FRITZ LANG

Born in Wien (Austria), 1890
Decease on 1976 in Los Angeles


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Austrian-born American motion-picture director whose films, dealing with fate and man's inevitable struggle with destiny, are considered masterpieces of visual composition.

The son of an architect, Lang briefly studied architecture at Vienna's Technical University, then traveled widely before settling for a time in Paris as a painter. While recovering from wounds suffered in the service of Austria during World War I, he started to write screenplays, and after the war he went to Berlin to work with Erich Pommer, a German film producer. Many of the scripts he wrote in the 1920s were co-written by his wife, Thea Von Harbou.

His first successful picture as a director was Between Worlds. Next he made Dr. Mabuse, a study of a criminal mastermind; Siegfried and Kriemhild's Revenge, released in two parts in the United States and based on the early 13th-century German poem; Metropolis, an Expressionist vision of the future; and M, his most famous German film, explored the compulsion to murder. The Last Will of Dr. Mabuse, in which a madman speaks Nazi philosophy, attracted the attention of Joseph Goebbels, the Nazis´ chief propagandist. It is rumoured that after seeing the film, Goebbels invited Lang to supervise German films; Lang left for Paris the same evening, and later moved to the United States. By 1936 he was in Hollywood, where he directed films for twenty years. After Lang's experiences with Nazi oppression he became a staunch anti-Nazi and anti-Fascist.
His most praised American film is Fury, a study of a lynch mob and social injustice. He also directed westerns and psychological mysteries, until conflicts with producers and the necessity for creative compromises led to his departure from Hollywood. He directed films in India until 1959 when he returned to Germany. In 1963 he portrayed himself in the French film Mopris, directed by Jean-Luc Goddard.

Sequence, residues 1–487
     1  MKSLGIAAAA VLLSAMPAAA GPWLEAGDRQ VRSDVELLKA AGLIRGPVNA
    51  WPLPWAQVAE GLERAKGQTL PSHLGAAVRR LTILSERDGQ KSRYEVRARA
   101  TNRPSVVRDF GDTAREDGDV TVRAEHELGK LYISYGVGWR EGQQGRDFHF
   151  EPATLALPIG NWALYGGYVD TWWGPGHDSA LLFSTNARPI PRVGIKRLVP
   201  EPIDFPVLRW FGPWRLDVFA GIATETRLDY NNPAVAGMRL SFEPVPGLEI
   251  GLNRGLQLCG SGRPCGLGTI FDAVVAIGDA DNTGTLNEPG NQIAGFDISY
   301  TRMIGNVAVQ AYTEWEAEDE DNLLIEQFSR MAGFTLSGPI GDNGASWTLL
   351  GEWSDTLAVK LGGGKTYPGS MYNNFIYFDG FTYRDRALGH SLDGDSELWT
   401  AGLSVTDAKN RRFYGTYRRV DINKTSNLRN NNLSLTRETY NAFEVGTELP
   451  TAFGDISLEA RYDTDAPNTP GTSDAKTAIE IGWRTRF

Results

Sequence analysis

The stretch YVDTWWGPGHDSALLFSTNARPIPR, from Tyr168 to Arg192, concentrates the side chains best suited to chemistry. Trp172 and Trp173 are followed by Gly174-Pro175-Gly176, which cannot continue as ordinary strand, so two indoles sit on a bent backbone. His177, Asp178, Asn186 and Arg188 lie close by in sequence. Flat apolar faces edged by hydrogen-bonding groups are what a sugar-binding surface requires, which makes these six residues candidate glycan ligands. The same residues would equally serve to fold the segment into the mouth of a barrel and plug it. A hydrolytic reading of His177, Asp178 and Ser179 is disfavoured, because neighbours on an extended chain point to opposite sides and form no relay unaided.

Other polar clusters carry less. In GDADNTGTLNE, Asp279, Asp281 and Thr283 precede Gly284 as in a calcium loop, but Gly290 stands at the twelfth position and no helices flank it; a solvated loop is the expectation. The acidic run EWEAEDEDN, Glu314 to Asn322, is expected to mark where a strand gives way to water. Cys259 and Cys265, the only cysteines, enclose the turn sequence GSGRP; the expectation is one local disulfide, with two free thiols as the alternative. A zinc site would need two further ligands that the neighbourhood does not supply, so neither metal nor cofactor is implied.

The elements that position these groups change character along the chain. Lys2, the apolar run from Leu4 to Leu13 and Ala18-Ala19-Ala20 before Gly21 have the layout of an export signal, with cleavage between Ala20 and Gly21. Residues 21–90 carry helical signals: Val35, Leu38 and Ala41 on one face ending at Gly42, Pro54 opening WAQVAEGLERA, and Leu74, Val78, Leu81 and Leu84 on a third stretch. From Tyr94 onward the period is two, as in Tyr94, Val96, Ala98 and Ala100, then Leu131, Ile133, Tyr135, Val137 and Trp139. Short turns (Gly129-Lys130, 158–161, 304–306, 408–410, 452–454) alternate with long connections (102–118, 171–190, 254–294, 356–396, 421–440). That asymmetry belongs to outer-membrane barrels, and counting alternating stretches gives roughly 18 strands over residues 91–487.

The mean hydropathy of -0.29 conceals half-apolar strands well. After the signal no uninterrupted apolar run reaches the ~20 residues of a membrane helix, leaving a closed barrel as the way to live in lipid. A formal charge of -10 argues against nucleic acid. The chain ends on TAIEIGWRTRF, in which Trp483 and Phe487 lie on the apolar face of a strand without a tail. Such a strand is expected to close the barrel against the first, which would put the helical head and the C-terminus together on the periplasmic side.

Fritz Lang's last two movies are peculiar autobiographies. He remade two earlier films, transforming them into allegorical representations of the intense romantic and political triangle which shaped his early career - between himself, the screenwriter Thea Von Harbou, and the Nazi Party. Although he was not honored by the American film establishment, France, Germany, Austria, and Yugoslavia gave him many awards for his contribution to film from the 1950's through the 1970's. He also received an award for his film M from the German Motion Picture Arts Association in 1931.

- Note:

Fritz Lang's work is the cinema of the nightmare, the fable, and the philosophical discussion of struggles against destiny, entrapment, violence and paranoiac delusions. Langs' apparent weaknesses stem from his virtues. His characters never develop with any psychological precision, and his world lacks the details of naked truth that are so important to realistic critics; however, Lang's vision of the world is profoundly expressed through visual forms.